Once the bomber formations reached the German town of Aachen, on the German-Belgian border, the Thunderbolts had reached the limit of their fuel and had to turn for home. Without any further fighter opposition, the Luftwaffe began to ferociously attack the bombers. Single-engine Focke-Wulf 190s and Messerschmitt 109s came directly at the formations, firing their 20-millimeter cannons and machine guns and twin-engine Messerschmitt 110s and 210s would stay beyond the range of the bomber’s guns and shoot crude rockets into the formations. Also in the fight were Junkers 88s, primarily used as night fighters by the Germans, and Junkers 87s, which were fixed-landing gear dive bombers that would climb above the Allied formations and drop time-fused bombs down among the B-17s.

“We were briefed to be met by about five hundred enemy fighters of various sorts. It turned out to be about seven hundred with fighters having come in from the Russian front. We saw every thing imaginable thrown at us. Fighters, usually twin-engine, lined up at beyond our gun range and began launching rockets that appeared to be like a telephone pole as they passed by us and exploded. Some enemy aircraft flew above us towing bombs on long cables hoping to entangle the cable on a Flying Fortress. We had never seen so many enemy fighters before or afterwards,” recalled John Piazza, a gunner in the 92nd Bomb Group stationed at Alconbury, which was attached to the First Air Division.

The 306th Bomb Group, also flying as part of the First Air Division, had lost three of its eighteen planes to mechanical problems shortly after crossing the English Channel. Two more went down to enemy fire before the P-47s left the formation at Aachen leaving the 306th missing five aircraft from the formation before any serious combat had begun. The German fighters were relentless in their pursuit of struggling units and the 306th was no exception. Six of the remaining thirteen were shot down prior to the target area with two more being shot down on the return trip home. In all, only seven of the aircraft from the 306th managed to bomb Schweinfurt and only five made it back to their base at Thurleigh.

As bad as the losses were for the 306th, the 305th Bomb Group’s losses were worse, in fact the worst of the day. Scheduled to be the low group of the lead wing, the 40th Combat Wing, the 305th was eight minutes late to the assembly point. Upon finally reaching this point, the group commander tried to contact the lead group of the 40th but was unable to do so. Not wanting to waste any more time, the group moved to another assembly point where they came in visual contact with the 1st Combat Wing. Like the 40th, the 1st was also missing its low group. After making radio contact with the 1st’s commander, the 305th slid into position as the 1st’s new low group. The assigned low group of the 1st, the 381st Group, later joined up on the wing’s high group, the 351st, over the English Channel.

While the low position was still the least enviable position in the wing due to the greater susceptibility to flak and enemy fighter attacks, members of the 305th were possibly feeling a little relieved because they were no longer a member of the lead wing, which in recent weeks had been a frequent target for German frontal attacks. This relief was short lived however, when the air commander for the battle, Col. Bud Peaslee, ordered the 1st to take the lead because his wing, the 40th, was missing its low group. Operating procedures prohibited the lead wing from entering Germany with any less than three groups due to the German’s new tactic of using frontal attacks. The 40th moved above and to the left of the 1st in a non-standard formation.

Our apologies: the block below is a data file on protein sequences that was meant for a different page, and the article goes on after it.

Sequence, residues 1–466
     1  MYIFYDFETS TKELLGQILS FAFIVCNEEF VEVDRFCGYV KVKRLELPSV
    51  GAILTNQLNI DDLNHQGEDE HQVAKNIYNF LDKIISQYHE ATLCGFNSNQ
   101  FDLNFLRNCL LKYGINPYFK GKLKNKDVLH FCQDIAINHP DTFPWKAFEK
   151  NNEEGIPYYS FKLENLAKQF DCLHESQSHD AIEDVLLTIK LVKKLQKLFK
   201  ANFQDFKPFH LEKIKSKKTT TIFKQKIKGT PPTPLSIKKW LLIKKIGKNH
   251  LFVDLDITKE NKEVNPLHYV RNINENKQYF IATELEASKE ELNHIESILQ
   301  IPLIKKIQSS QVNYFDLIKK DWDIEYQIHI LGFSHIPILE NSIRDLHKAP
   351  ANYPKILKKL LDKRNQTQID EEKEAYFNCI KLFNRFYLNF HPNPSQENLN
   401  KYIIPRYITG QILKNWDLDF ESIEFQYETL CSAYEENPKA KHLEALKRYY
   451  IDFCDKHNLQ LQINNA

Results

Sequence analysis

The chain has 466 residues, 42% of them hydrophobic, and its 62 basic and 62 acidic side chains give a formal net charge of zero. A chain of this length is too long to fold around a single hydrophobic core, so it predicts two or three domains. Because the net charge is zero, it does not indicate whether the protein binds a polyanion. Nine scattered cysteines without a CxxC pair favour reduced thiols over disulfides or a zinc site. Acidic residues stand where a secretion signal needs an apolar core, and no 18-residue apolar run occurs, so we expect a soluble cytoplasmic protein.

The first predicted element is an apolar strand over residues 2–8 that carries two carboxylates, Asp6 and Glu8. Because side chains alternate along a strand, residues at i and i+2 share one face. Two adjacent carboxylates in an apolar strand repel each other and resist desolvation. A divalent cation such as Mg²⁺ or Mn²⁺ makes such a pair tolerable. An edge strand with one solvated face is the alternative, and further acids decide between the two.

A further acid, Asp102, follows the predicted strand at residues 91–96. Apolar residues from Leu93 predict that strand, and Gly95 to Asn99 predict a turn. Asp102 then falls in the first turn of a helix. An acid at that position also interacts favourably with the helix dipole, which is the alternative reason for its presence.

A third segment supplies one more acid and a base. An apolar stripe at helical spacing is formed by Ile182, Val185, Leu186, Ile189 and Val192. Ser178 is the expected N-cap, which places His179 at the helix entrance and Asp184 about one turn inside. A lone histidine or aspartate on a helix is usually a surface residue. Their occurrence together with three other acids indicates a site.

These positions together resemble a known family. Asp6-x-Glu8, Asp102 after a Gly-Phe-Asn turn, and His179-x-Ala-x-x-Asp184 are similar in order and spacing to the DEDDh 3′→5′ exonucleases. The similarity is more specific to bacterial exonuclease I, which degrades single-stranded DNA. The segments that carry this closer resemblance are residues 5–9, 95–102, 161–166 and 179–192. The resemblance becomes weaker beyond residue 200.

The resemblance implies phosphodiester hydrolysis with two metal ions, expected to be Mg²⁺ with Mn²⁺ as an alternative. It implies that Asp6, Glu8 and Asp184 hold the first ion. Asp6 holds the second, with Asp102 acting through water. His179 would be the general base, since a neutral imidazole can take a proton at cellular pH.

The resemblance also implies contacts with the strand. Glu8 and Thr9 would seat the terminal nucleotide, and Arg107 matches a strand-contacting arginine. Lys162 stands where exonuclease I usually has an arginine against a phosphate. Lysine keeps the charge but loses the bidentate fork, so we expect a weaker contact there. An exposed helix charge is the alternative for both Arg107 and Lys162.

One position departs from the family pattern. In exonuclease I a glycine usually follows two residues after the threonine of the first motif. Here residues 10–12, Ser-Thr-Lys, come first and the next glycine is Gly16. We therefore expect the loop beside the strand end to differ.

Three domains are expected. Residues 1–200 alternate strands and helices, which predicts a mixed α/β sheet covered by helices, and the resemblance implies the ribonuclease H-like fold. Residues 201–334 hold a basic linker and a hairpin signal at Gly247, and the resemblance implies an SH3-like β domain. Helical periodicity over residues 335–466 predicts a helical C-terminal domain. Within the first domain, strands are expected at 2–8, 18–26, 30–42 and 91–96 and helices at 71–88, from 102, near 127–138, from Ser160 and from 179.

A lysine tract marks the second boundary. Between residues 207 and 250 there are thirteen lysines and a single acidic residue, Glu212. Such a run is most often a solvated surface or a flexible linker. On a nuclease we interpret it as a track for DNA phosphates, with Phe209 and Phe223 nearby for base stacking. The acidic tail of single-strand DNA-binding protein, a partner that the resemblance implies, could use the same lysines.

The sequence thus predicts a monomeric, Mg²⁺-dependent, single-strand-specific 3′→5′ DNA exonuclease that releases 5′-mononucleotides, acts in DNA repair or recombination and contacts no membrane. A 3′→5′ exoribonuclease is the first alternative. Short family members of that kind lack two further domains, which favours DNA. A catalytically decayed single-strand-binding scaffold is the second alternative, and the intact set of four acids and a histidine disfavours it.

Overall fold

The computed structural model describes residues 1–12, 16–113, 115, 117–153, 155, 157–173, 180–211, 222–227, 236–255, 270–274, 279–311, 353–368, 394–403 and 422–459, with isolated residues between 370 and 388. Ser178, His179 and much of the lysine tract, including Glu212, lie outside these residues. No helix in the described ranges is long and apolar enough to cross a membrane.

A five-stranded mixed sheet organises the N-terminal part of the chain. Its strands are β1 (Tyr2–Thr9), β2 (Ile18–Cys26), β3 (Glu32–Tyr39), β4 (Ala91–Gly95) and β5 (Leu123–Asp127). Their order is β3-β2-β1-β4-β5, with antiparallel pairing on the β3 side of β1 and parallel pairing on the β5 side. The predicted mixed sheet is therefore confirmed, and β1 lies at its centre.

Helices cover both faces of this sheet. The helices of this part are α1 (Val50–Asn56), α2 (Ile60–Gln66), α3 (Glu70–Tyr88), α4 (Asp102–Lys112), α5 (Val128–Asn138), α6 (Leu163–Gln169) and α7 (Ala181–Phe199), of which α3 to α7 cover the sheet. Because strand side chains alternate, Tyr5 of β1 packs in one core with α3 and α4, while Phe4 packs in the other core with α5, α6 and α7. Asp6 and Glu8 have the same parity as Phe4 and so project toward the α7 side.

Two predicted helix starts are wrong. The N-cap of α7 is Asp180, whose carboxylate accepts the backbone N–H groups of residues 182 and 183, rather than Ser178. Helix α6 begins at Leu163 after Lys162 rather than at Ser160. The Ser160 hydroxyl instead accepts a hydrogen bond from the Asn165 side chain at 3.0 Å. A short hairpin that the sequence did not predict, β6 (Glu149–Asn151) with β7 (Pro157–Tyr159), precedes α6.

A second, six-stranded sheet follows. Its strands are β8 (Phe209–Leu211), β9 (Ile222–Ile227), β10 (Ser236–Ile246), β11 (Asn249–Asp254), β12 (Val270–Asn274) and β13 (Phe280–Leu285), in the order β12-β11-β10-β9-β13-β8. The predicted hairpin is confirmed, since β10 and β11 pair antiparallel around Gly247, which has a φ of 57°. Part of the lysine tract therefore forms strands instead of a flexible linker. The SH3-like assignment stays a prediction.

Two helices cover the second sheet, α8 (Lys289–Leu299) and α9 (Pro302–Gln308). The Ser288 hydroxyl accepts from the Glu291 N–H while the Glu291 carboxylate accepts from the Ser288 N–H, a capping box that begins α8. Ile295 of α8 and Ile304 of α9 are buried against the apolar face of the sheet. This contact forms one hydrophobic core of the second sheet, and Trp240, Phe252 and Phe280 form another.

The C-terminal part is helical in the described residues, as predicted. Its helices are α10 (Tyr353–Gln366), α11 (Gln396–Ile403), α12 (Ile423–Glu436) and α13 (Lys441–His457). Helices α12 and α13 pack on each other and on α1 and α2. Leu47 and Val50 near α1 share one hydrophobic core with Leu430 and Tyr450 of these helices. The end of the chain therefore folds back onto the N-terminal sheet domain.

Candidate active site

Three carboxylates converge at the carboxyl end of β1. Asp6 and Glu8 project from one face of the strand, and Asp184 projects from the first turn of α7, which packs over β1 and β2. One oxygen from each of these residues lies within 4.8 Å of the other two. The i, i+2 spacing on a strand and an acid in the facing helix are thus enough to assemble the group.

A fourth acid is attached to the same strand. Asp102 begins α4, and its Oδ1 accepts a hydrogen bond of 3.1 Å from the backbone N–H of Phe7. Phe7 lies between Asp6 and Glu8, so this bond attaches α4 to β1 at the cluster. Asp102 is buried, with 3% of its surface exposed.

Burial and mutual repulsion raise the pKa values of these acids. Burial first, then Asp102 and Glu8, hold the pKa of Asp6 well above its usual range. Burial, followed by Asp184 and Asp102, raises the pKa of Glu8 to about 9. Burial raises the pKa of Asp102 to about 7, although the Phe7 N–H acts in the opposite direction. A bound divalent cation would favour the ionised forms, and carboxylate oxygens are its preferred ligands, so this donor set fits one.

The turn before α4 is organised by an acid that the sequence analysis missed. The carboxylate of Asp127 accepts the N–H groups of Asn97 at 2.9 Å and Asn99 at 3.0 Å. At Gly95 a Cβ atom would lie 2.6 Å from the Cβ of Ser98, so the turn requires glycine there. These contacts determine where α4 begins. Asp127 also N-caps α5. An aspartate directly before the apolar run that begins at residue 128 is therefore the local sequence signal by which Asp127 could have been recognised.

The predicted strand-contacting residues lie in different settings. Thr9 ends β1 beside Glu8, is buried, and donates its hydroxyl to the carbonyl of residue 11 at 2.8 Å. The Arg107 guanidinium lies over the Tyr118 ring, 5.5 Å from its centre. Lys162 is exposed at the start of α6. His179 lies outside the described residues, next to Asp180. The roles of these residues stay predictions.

Having the extra aircraft above them in the formation didn’t help the 351st’s position as the low group. Thirteen of the original sixteen aircraft dispatched were lost prior to reaching the target area. The remaining three did manage to bomb the target and return to their home base at Chelveston. Conversely, the extra firepower did help the other groups in the 1st. Each of the other three groups only lost one aircraft. The 40th, offset as it was in its non-standard formation, lost nineteen of its thirty-seven aircraft.

“The intercom was a constant chatter as the crew called out Luftwaffe fighter locations,” remembered Gene Carson, a tail gunner with the 388th Bomb Group stationed at Knettishall. “I knelt in silence. I had nothing to say . . . . No one had to tell me there were bandits at six o’clock and there was no need for me to report their presence. The Luftwaffe was all around us. . . . We were being mauled.”

While the German fighters concentrated on the First Air Division, the Third Air Division proceeded to the target relatively unscathed. Aided in part by the thirty-minute time lag behind the 1st, the 3rd also benefited from a planned course diversion near the German border that took it well south of the 1st’s penetration course into Germany and away from the heaviest concentration of German airfields. As a result, the entire 3rd Air Division of over 140 planes lost only two more aircraft than did the 351st Bomb Group during the course of the mission.

Despite the unrelenting fighter attacks and constant flak barrage, the bomber pilots handed control of their aircraft over to their bombardiers for the most crucial part of the mission. The next five minutes would determine if the mission would be a success, and, more importantly, whether or not all of the lives lost in the process would be in vain. The first to arrive over the target, the 91st Bomb Group, had an unobstructed view of the five major ball bearing production factories. As had been practiced and preformed many times before, the lead bombardier released his bombs when the target was in his crosshairs and the remaining bombers in the formation released on lead’s mark. With Schweinfurt billowing smoke below, the unrelenting bombers from the 1st turned back to the west. Unfortunately for them, their day was not yet over.